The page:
Rep. Chu should not have waited until last minute on Iran

By Cynthia Cannady

September 3, 2015

Pasadena Star News

We expect our Congresspersons to stay informed on the issues and to represent constituent interests with their votes and positions. But our 27th District Congresswoman Judy Chu was among the fence sitters on the Iran Diplomatic Agreement up until Wednesday September 2, when she finally was persuaded to support her fellow Democrat President Obama, after she had “attended briefings, studied the classified documents in the Capitol basement, and read position papers….”

Although I applaud her diligence in studying documents, it seems likely that she changed her mind on Wednesday September 2 because that was the very day when the President secured the last Senate vote--from Barbara Mikulski (D. Md)—that he needed to support a veto of any Congressional block of the diplomatic accord. With the heat off, Chu could take a position under the radar.

Courageous groups like Jewish Voice for Peace and CodePink have supported the Iran agreement as the only peaceful course. Powerful interests, including the American Israel Public Affairs Committee (AIPAC), have lobbied hard against the agreement and Sheldon Adelson, the billionaire casino mogul, promised contributions to elected officials who oppose the deal. There are different points of view surely, but having no position at all is not becoming to an elected official who has known about the issues for months. Spinning the decision as a last minute intellectual choice underestimates the intelligence of constituents.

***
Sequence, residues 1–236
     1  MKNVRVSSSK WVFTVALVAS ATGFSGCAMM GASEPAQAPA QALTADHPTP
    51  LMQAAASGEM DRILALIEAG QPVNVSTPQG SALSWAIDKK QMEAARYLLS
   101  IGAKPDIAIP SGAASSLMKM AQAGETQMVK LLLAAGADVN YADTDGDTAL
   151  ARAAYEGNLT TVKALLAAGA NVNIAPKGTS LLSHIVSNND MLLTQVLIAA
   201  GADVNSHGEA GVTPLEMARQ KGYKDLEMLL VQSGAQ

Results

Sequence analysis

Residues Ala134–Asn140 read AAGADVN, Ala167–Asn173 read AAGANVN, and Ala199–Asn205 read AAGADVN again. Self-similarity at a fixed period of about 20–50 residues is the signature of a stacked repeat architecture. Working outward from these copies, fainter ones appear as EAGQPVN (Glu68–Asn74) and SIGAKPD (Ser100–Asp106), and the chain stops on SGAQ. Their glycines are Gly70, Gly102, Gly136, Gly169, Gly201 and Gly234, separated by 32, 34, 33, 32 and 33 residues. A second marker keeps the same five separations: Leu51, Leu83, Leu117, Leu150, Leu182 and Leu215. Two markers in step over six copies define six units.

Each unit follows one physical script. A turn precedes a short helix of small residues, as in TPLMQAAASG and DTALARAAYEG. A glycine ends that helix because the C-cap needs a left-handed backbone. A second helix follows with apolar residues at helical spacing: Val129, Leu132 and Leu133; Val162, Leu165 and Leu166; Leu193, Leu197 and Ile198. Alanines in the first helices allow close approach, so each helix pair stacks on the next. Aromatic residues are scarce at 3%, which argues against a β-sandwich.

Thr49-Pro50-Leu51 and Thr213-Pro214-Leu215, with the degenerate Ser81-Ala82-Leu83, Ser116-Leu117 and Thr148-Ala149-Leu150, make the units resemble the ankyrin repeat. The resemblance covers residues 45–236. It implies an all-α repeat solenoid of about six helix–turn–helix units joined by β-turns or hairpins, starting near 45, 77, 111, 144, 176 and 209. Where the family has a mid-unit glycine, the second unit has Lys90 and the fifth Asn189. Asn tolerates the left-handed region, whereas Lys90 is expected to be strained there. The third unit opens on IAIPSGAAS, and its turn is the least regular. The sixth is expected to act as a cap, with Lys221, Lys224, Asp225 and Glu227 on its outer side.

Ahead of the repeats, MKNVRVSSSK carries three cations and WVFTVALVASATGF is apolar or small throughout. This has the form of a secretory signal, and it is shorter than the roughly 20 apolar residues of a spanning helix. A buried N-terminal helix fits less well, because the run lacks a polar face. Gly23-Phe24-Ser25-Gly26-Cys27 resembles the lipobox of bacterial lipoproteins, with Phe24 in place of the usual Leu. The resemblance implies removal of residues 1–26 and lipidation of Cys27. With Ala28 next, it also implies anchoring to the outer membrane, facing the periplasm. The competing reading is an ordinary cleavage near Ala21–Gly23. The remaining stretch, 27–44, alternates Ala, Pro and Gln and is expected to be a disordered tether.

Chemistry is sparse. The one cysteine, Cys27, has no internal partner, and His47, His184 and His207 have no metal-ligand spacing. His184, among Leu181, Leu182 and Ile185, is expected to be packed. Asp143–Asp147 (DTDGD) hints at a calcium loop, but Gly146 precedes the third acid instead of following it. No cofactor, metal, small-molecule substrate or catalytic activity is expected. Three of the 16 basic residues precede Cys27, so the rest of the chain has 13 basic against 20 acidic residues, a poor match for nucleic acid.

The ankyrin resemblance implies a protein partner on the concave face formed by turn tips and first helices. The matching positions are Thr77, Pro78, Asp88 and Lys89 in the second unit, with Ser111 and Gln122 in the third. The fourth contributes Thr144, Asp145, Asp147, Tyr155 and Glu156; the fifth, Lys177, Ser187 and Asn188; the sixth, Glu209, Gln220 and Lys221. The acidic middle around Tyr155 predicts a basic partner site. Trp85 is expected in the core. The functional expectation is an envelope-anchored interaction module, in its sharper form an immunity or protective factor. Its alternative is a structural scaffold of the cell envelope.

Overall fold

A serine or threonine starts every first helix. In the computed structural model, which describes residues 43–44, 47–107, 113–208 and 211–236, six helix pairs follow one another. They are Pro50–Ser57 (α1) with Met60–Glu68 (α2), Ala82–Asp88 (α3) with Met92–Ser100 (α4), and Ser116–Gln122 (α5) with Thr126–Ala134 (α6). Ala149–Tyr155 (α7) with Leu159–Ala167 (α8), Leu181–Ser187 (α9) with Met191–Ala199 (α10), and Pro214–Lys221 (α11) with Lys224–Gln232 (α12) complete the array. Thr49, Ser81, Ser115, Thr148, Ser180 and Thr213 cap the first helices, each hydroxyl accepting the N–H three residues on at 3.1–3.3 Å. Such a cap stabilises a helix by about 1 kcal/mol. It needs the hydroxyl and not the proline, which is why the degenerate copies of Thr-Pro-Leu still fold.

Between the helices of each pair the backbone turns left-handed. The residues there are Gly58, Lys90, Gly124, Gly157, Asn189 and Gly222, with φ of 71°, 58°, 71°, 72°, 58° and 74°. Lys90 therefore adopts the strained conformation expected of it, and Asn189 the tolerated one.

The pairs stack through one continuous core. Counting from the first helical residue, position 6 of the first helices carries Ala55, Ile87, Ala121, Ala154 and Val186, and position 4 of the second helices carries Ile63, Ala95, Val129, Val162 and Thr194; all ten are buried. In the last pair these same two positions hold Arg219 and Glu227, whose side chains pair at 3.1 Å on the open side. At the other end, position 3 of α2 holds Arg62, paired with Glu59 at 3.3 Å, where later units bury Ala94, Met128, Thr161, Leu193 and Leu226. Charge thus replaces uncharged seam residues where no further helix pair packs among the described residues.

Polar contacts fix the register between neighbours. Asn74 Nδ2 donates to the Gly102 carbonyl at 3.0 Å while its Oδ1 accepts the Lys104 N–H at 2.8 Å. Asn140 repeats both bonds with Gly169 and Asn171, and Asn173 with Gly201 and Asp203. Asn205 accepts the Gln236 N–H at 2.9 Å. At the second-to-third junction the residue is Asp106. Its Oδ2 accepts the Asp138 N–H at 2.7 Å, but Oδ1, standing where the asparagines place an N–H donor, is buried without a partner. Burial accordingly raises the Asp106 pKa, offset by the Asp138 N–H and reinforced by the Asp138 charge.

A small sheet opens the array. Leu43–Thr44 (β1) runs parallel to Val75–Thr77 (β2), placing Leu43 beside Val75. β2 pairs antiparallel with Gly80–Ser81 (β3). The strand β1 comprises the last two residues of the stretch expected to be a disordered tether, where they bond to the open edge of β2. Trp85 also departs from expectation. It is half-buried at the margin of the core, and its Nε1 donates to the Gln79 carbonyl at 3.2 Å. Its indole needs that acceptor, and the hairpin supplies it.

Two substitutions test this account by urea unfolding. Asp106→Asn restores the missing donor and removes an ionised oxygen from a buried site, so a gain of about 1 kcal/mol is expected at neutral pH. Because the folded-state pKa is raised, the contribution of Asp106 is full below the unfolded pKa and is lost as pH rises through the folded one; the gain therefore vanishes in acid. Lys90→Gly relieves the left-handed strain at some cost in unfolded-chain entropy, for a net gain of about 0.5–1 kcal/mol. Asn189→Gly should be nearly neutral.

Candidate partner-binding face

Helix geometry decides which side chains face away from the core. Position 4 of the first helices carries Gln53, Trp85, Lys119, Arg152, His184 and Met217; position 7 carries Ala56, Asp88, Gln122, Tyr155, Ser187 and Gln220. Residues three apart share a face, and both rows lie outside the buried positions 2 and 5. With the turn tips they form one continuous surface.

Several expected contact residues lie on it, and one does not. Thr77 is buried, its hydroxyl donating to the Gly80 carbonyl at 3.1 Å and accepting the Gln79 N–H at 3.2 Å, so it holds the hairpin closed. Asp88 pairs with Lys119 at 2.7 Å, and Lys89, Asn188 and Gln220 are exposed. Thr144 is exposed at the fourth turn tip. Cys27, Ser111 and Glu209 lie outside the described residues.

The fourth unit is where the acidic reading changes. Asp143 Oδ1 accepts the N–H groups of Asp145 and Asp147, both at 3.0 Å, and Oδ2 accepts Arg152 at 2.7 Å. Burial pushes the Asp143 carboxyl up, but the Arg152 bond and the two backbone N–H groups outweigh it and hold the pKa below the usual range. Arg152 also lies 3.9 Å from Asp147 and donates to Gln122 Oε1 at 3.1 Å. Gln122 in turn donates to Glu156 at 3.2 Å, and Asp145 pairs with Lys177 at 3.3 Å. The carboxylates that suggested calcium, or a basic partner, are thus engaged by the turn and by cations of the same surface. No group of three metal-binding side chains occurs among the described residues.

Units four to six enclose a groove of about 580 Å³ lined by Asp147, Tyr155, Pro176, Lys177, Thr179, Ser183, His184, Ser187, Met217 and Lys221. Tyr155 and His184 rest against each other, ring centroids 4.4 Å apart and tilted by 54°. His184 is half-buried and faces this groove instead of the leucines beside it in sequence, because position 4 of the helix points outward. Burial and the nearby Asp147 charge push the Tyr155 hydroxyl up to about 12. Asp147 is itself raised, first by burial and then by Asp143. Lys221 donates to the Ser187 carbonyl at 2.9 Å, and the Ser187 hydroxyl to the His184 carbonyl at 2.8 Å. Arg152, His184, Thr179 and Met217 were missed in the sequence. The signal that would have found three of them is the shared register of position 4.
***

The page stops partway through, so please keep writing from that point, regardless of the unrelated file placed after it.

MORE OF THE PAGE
Congresswoman Chu’s website contains an “Issues” menu. She has no “foreign policy”, “defense” or “peace” or “war” or “international” choices. This is surprising since more than 50% of the national discretionary budget is devoted to military expenditure, not including international affairs and intelligence.

War, nuclear power and diplomacy are fundamental to Congressional responsibility. On these life and death issues, constituents deserve candor and clarity from the politicians who represent us in Washington.

Cynthia Cannady

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